WHO advises no restriction of regular travel or closure of borders.
It is considered prudent for people who are ill to delay
international travel and for people developing symptoms following
international travel to seek medical attention, in line with guidance
from national authorities.

There is also no risk of infection from this virus from consumption
of well-cooked pork and pork products. Individuals are advised to
wash hands thoroughly with soap and water on a regular basis and
should seek medical attention if they develop any symptoms of
influenza-like illness.

Communicated by:

[3] PAHO update confirmed cases in the Americas
Date: 29 Apr 2009
Source: PAHO website [edited]

Influenza cases by a new sub-type: Regional Update (29 Apr 2009 13:00
hrs. WDC time) Epidemiological Alerts Vol. 6, No. 15
On [18 Apr 2009], the National IHR Focal Point of the United States
notified the laboratory confirmation of 2 human cases of swine
influenza A/H1N1 in 2 children of 9 and 10 years old living in the
state of California (one in the County of San Diego and the other one
in Imperial County).

To date, a total of 91 human cases of swine influenza have been
confirmed in the United States (1 in Arizona, 14 in California, 1 in
Indiana, 2 in Kansas, 2 in Massachusetts, 2 in Michigan, 1 in Nevada,
51 in New York City, 1 in Ohio and 16 in Texas). The 1st death
attributable to swine influenza in the United States has been
confirmed. A child of 22 months old that came from Mexico died in a
hospital of the Houston area.

Other suspected cases are being investigated. Indigenous transmission
has been demonstrated only in one case, in Kansas. The most recent
cases detected as well as the registered death suggest that more
serious cases could appear in the United States.

This virus has been described in the United States as a new subtype
of swine influenza A/H1N1 not previously detected in pigs or humans.

In addition, since the end of March 2009, Mexico observed an unusual
pattern of acute respiratory infection (SARI) cases, which increased
even more in the 1st weeks of April 2009. From 17 to 28 Apr [2009],
1551 suspected cases of influenza with severe pneumonia were
reported, including 84 deaths. These figures are smaller than those
reported yesterday [28 Apr 2009] due to the investigation work and
clean-up of data that are being carried out in field. The suspected
cases were recorded in 31 of the 32 states of Mexico.

There are 286 probable cases of swine influenza A/H1N1. Most of the
suspected cases of influenza with severe pneumonia have occurred in
the Federal District, Guanajuato, State of Mexico, and San Luis
Potosi, the majority of them in previously healthy young adult
people. There have been few cases in individuals under 3 or over 59
years old.

To date, the number of cases confirmed remains valid (26 cases).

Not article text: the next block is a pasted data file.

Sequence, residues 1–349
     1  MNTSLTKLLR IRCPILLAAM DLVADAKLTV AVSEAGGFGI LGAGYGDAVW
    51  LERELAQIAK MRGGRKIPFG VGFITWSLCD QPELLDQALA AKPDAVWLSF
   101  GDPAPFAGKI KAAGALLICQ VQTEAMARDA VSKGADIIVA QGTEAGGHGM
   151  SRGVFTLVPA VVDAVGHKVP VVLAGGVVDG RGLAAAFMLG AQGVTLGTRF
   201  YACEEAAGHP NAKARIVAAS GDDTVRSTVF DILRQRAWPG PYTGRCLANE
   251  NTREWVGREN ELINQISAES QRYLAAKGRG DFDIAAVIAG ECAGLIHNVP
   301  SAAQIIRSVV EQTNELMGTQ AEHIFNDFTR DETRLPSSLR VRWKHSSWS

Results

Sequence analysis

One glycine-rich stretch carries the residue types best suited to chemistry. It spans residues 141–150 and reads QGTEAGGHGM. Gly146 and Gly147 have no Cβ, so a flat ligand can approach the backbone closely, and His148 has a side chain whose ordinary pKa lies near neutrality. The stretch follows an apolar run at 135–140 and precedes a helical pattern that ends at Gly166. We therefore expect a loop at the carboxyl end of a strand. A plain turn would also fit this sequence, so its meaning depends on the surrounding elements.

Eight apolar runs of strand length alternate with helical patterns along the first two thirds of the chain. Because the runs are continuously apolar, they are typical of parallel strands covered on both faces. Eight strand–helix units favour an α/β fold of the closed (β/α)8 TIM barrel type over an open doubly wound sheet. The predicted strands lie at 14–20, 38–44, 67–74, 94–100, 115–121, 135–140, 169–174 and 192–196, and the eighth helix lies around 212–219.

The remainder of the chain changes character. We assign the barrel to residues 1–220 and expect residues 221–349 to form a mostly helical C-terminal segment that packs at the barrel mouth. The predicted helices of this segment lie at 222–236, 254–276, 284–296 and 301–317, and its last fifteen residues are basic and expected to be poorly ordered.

However, this figure can significantly vary on the next 2 days when
the laboratory tests of the probable cases under investigation are

Furthermore, the number of confirmed dead cases remains 7. This
figure is also subject to variation depending on the new laboratory

In Canada to date, 13 human cases of swine influenza A/H1N1 have been
confirmed (2 in Alberta, 4 in the province of New Scotland, 3 in
British Columbia and 4 in Ontario), some of them with recent trip
history to Cancun, Mexico. All the cases developed a mild form of
influenza like illness. Two of the cases presented, in addition,
gastrointestinal symptoms. All of them are currently recovered, and
none required hospitalization. Laboratory tests were conducted in
Winnipeg, Canada. Indigenous transmission is not discarded since not
all the confirmed cases have trip history to Mexico.

The press has reported information on suspected cases in several
countries of the region; however this information has not been

In relation to the laboratory results; in the 2 1st confirmed cases
in the United States, virus A/California/04/2009 and
A/California/05/2009 were isolated. They show a pattern of genetic
reassortment of a virus of swine influenza from the Americas with a
swine influenza virus from Eurasia. This particular genetic
combination had not been detected in the past. Both proved to be
resistant to amantadine and rimantadine, but sensitive to
neuraminidase inhibitors, oseltamivir and zanamivir. Both have been
cultured in MDCK cells and inoculated in ferrets for the production
of antisera. The complete genome of the virus A/California/04/2009
has been published and is available in the database of the GISAID
The viruses of other confirmed cases in the United States correspond
to the same new strain.

In summary:
* There is evidence of circulation of a strain previously undetected
in pigs and humans.
* Studies are being conducted in order to determine the extent of
the human to human transmission.

Epidemiological surveillance and outbreak investigation in the
affected countries:

In the United States, investigations are being conducted to determine
the source of infection and whether there are additional cases. So
far, none of the cases have previous contact with pigs.

On the other hand in Mexico, prevention and control measures are
being coordinated, including intensified surveillance activities. As
a precautionary measure, the closing of day-care centers, schools,
and universities was enacted in the city of Mexico. Similarly, social
and cultural activities were suspended for a period of 10 days.

This new subtype of the virus could be circulating in the population
of pigs; which is being reviewed and investigated.

International Health Regulations (IHR)
At the request of the Director-General (DG) of WHO, the IHR Emergence
Committee has been summoned and is advising the DG on the event. On
its 1st day of deliberation, [25 Apr 2009], it concluded that the
present event constitutes a Public Health Emergency of International